Tag Archives: blogging

Technorati informs us about blogging

Technorati has been releasing a report called the “State of the Blogosphere Report” every year since 2004. The report gives out information about what the latest trends and growth in the world of blogging.

This year the report focused on:

  • “Who are the bloggers?”
  • “The what and why of blogging”
  • “The how of blogging”
  • “Blogging revenues, brands and blogs”
  • “Twitter, global impact and the future of blogging”

You can visit the Technorati site or go the Online Journalism Blog, who pretty much broke down the report to basic information.

It was quite interesting to see you are the bloggers are and what their interest are. Most bloggers are into blogging for personal fulfillment rather than financial gain.


Click the link to find the source

I find that interesting; do you?


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Christian Schaffer from Channel 2


This is Christian's headshot from Channel 2.

Christian Schaffer is a reporter for WMAR-TV, which is the Baltimore affiliate for ABC. I meet Christian about 2 ½ years ago when I interned for Channel 2.

He always gave me good insight into the world of journalism, so I thought it would be nice to interview him and allow him to share is knowledge with all of you.

 Have you had to move around a lot to be able to find a job in journalism?

Yes. I’ve worked in Richmond, VA, Greensboro, NC, Boston, MA, Harrisburg, PA and now Baltimore.

How long have you been in the media business?

I got my first job as a part-time associate producer while I was still in college back in 1994, after interning there earlier that year. So I guess I’ve been in the business for 14 years now.

Where did you go to school?

 I went to the University of Richmond, and then while I was working in Boston I went to Boston University and got a Masters in Broadcast Journalism.

Where did you get your start in journalism and where do you currently work?

I started as an intern at WRIC-TV, the ABC affiliate in Richmond while I was a student at the U of R. Now I’m a reporter at WMAR-TV, the ABC affiliate in Baltimore.

How long have you worked at your current job?

I’ve been here since June of 2006; so about three-and-a-half years.

Do you believe blogs or online journalism have changed journalism standards? And why do you say yes or no?

I think the ‘bloggers’ have created their own standard. It depends on what kind of site it is; some sites are willing to pay people to be interviewed. In ‘traditional’ media this would be an obvious no-no and I don’t see that changing anytime soon.

The blogs also have much less adherence to old-school standards like AP style, having two sources before going forward with a story, etc. It’s up to the traditional media to maintain the traditional standards. That means sometimes the blogs will be ‘first’ with some stories, but it also means the blogs will be ‘wrong’ with some stories.

Do you think there have been more positive changes in the media world or negative changes? Please Explain.

There have been a lot of positive changes. But I think two big negatives out-weigh those. Number one has been the decline of newspapers. Nobody buys a subscription to the newspaper anymore, because you can read them on-line for free. Now newspapers are cutting staff and closing down all over the country, and I think this has led to a big decline in original reporting. Instead they just do an easy story based on some press release. Wwhich leads me to the second big negative:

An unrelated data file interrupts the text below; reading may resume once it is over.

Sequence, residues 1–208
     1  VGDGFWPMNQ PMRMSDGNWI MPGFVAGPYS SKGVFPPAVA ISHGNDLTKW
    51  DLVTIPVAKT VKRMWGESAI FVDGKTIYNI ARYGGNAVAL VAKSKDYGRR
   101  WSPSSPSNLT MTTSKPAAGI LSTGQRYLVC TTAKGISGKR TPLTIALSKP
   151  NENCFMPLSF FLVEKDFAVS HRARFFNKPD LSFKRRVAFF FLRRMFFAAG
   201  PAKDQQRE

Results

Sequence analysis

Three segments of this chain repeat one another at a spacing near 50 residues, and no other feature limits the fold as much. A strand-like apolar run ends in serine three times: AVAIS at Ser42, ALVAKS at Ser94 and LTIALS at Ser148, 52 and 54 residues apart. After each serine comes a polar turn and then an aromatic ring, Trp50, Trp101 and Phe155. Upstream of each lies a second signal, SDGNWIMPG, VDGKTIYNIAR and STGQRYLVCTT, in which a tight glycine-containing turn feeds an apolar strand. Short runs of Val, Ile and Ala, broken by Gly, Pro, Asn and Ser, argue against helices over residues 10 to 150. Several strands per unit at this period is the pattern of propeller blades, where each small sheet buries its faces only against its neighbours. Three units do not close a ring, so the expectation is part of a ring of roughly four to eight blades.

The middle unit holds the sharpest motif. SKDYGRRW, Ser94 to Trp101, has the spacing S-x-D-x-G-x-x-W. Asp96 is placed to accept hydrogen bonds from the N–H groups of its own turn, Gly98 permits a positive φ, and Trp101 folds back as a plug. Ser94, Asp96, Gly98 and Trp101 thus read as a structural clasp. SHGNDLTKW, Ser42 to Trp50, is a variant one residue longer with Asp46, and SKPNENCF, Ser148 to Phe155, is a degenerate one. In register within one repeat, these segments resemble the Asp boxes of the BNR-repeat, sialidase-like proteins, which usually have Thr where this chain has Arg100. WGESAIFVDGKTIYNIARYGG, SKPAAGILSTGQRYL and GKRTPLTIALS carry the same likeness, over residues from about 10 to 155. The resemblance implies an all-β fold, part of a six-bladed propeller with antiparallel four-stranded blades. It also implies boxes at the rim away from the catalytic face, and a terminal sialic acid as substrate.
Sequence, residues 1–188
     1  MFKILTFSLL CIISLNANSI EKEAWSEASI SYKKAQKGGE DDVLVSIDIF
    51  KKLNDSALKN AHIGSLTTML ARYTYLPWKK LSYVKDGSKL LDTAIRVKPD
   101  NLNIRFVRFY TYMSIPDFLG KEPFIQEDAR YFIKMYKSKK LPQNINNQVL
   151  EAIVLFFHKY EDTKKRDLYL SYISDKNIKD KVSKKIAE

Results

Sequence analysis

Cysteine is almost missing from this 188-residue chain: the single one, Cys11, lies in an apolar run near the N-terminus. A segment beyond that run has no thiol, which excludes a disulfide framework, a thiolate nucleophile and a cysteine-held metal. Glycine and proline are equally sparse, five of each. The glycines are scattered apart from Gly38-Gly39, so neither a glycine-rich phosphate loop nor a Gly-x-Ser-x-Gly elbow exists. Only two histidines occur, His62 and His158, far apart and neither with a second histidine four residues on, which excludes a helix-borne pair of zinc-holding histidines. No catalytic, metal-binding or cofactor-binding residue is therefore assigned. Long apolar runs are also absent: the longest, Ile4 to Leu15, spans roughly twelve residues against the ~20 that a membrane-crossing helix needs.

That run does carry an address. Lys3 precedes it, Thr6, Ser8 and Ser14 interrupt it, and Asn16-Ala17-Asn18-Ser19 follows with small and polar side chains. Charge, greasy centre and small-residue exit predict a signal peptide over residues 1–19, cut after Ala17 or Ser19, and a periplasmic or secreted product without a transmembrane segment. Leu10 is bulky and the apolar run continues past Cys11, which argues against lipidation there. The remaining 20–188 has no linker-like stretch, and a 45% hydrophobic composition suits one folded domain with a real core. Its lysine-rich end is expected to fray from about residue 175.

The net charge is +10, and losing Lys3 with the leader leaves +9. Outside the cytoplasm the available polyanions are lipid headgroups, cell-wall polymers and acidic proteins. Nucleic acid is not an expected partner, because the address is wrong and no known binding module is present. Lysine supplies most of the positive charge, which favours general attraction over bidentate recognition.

These days it’s much harder to gain access to newsmakers than it was in the past. Now, every company, government agency and sports team has a fully-staffed media relations department. Go back and read or watch “All the President’s Men” and you’ll see Woodward and Bernstein walking around, talking to everyone from district attorneys, to mid-level bureaucrats to secretaries – on the record – and using the information in their stores. Today those people either hang up the phone or refer you to media relations.

Have you been directly affected by the changes in the media world and if so how?

 The technology has changed in TV news (and so has the emphasis on cutting costs). So now the cameras are getting small enough that a lot of stations expect reporters to go out by themselves. They call it a ‘one-man band’ or ‘multi-media journalist’ and it’s coming to WMAR pretty soon. That will be a big change.

Has it been difficult to adapt all of the time to the changing world of journalism?

Sometimes it is difficult, but if you have a grasp of the basics it’s easier to roll with the changes.

Do you think the internet allows journalists to stay closer to their hometown or it really has had no effect?

I think it allows everyone to stay closer to their home town. If you’re living in California but you’re from Baltimore it’s now no big deal to read the Baltimore Sun. Young people don’t realize what a big deal this is, because they’ve grown up with it. But it’s a pretty revolutionary concept that didn’t really get going until after I graduated from college.

The internet has also made it easier to do research on stories, and find the back-ground of people you’re going to interview before you talk to them.

Do you think technology is making it easier for journalists or harder to do their job?

There are some negatives (like going out to shoot a story by myself instead of with a photojournalist) but overall, you have to remember that only about 30 years ago people were out shooting news stories on FILM. They had to go back to the station and get the film processed before they could use it. The audio was recorded separately and matched to the film. What a nightmare.. The changes to cameras and the move to digital editing has made TV news millions of times easier to do over the past few decades.

What advice do you give future journalists?

I once heard someone tell potential actors – if you can do anything else in the world, do it. And I would give similar advice to future journalists. If you don’t love this job, you won’t last. The money and benefits are not that great. You’ll spend time away from your friends and family. So if you’re not totally committed, you might as well find something else to do now.